The world moved on, and the slow march of modern life means that many of the signs are ghosts of businesses past. “As I was photographing them, I kept wondering what that company had been like,” Kindersley says. The ads offer some insight. Some products are simply not relevant any more: horses have been superseded by cars; coal by gas and electricity. Poor old Bile Beans wouldn’t last two minutes in today’s brand-obsessed marketplace. Cigarette manufacturers are no longer allowed to advertise in Britain, and heavy restrictions apply to the promotion of alcohol. But a few of the names, like Hovis, Coca-Cola, Nestlé and Bovril, are still with us, even if the slogans have long since changed.

These days there is growing affection for the ghost signs. Since 2010 the History of Advertising Trust has been photographing and documenting those in Britain for its online archive. So far it has more than 900 entries. Amateur photographers upload their own snaps to Instagram, Tumblr and Flickr. For the signs that remain, the writing is not quite on the wall. ~ GEORGIA GRIMOND

The right-hand panel on these former stables advertises “broughmans”. Pronounced “brooms”, these were covered carriages, popular in the 19th century with private owners and as Hackney Carriages (cabs). Trading horses, you can see from the writing under the eaves, was at some point swapped for cars

A single light on is about the only hint of modernity in this shot. Waring’s was a carpet-maker. Being a long way off the ground has kept the ad out of harm’s way, but the paint is slowly peeling away, leaving the underlying brickwork to dapple the words

Bovril, or Johnston’s Fluid Beef as it was then known, was created in 1871 as a thrifty way to feed Napoleon III’s army. Although no longer plugged on houses, it still sells 3.5m jars in Britain a year. It is more likely to be drunk by football fans or spread on toast than fed to soldiers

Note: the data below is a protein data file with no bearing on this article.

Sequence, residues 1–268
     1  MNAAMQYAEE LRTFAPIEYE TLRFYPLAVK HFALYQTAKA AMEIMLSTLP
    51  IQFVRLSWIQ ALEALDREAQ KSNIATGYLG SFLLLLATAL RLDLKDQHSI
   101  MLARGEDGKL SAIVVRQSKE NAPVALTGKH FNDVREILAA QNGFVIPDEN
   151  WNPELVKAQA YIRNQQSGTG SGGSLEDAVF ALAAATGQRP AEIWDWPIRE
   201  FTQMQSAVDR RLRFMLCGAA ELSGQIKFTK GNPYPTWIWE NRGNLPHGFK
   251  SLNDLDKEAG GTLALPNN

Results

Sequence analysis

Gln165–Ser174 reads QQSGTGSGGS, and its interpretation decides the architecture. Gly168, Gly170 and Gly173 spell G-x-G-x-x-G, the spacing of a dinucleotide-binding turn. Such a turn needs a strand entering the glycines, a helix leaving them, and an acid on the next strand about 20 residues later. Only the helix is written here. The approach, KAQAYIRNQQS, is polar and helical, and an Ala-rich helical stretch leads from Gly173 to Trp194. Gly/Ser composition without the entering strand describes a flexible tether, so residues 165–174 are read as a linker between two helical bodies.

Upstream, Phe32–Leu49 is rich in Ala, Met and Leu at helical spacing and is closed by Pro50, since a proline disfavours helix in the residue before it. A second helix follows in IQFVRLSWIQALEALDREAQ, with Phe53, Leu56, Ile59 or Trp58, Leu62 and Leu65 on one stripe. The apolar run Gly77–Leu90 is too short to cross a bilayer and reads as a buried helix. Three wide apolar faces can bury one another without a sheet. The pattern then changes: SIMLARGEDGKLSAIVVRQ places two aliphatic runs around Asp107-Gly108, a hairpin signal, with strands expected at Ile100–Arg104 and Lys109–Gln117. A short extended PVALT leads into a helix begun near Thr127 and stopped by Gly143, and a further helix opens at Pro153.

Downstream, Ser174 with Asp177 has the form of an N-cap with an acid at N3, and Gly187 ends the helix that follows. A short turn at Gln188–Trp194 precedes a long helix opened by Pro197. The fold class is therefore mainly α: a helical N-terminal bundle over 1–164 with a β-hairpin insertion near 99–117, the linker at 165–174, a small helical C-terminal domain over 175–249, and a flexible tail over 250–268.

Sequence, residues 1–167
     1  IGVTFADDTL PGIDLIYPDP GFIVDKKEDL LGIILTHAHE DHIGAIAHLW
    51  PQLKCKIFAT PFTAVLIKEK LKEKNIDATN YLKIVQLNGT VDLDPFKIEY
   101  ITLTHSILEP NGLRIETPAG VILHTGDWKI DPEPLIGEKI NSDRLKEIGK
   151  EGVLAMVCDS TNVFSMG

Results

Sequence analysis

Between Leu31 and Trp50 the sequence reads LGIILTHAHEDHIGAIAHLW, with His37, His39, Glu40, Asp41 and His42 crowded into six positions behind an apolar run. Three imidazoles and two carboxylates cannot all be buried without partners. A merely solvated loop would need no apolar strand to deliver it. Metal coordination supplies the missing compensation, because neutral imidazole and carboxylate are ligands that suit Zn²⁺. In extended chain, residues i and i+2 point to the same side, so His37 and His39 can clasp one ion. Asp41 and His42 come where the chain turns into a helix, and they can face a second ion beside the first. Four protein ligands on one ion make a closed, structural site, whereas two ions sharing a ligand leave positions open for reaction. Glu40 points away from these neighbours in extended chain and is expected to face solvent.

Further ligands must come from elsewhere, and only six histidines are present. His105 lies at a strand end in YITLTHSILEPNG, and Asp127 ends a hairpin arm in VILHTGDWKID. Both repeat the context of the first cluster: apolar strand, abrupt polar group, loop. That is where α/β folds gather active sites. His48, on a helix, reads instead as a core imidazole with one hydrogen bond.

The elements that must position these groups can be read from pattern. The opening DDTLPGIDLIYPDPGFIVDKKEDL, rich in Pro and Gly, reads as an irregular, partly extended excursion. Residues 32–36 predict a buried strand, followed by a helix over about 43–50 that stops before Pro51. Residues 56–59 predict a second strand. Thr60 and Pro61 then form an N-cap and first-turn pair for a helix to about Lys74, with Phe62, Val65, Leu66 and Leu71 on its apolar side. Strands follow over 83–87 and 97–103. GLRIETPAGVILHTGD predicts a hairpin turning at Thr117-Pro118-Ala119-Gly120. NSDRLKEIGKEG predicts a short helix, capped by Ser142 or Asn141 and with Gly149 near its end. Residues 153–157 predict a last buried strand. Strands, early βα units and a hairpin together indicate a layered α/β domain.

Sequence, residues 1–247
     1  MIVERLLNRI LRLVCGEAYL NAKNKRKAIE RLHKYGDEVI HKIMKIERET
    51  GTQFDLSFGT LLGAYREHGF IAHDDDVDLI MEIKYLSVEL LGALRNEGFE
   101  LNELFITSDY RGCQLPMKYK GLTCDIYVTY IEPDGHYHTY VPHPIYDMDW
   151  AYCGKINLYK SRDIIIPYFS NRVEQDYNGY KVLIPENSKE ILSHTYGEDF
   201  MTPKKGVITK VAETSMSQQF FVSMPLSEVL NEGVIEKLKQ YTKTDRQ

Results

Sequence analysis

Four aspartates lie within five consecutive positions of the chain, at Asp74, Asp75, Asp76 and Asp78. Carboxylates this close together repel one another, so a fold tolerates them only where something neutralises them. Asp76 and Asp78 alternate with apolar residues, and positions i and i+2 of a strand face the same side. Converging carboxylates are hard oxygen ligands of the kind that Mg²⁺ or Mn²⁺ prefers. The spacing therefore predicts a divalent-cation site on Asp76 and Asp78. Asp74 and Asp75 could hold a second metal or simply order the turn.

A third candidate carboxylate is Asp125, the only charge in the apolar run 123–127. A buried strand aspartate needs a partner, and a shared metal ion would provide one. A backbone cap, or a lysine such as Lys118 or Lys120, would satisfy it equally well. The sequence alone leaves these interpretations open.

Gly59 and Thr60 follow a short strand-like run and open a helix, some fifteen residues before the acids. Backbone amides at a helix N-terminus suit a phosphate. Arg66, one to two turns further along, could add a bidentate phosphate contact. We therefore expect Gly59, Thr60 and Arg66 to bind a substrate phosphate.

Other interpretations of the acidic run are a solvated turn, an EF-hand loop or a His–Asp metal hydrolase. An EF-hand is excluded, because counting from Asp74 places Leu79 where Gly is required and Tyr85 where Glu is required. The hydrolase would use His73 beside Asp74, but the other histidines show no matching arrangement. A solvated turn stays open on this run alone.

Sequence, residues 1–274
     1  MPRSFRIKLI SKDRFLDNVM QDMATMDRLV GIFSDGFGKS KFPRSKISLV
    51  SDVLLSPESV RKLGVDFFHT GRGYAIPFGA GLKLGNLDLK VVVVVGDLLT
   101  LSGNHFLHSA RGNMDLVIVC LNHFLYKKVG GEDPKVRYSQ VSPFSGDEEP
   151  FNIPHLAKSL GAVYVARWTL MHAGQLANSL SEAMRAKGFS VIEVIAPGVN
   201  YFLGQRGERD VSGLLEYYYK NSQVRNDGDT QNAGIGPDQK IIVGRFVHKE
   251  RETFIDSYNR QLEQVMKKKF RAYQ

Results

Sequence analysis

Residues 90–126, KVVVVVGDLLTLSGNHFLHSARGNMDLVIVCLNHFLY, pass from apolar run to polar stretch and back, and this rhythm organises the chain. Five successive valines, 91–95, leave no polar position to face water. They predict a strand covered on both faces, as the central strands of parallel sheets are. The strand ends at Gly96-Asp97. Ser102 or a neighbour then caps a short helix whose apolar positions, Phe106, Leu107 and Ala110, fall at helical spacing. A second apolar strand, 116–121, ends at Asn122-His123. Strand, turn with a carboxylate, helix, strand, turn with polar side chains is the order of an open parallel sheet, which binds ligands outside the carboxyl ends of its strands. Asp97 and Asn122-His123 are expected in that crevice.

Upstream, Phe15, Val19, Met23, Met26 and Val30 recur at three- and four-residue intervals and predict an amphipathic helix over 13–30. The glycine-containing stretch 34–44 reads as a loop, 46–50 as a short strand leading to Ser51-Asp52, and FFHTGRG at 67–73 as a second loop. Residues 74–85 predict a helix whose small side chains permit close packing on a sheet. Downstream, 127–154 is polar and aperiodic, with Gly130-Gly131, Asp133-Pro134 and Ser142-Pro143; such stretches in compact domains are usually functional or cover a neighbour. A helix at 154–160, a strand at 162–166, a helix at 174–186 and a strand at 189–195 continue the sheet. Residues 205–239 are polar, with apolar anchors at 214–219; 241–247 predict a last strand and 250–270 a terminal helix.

The irresistible Bile Beans advertised itself with slogans such as “Nightly Bile Beans keep you healthy, bright-eyed and slim”. This one in Leeds once read “Medically…the ideal tonic laxative”. The advertising was aimed at women, claiming to cure a host of ailments from biliousness, blackheads and cirrhosis to “female complaints”—whatever they may be

Two communication eras collide in a ghost sign for a television brand. This picture, taken across a busy junction, proved tricky for Peter Kindersley. He asked for a parked car to be moved out of shot and then had to wait for the traffic light to go green, so the cars would turn to streaks of light

Mark Cole, aptly enough, was a colliery agent and coal merchant, in the days when four digits were enough to make a phone call. “There was a 20th-century feel to this one,” Peter Kindersley says. “I composed the shot to draw you in towards the sign, but left in the bus stop and the women to make it feel current.” The words of the ad, on the blackened wall, are barely legible; a car, caught in the bus-stop glass, is barely visible

A jaunty promotion for Jay’s showroom, at 8 Lee High Road. In cash-strapped post-war times, Jay’s expanded by offering hire purchase, aka the never-never. For four shillings a week, the sign seductively says, you could get £40-worth of furniture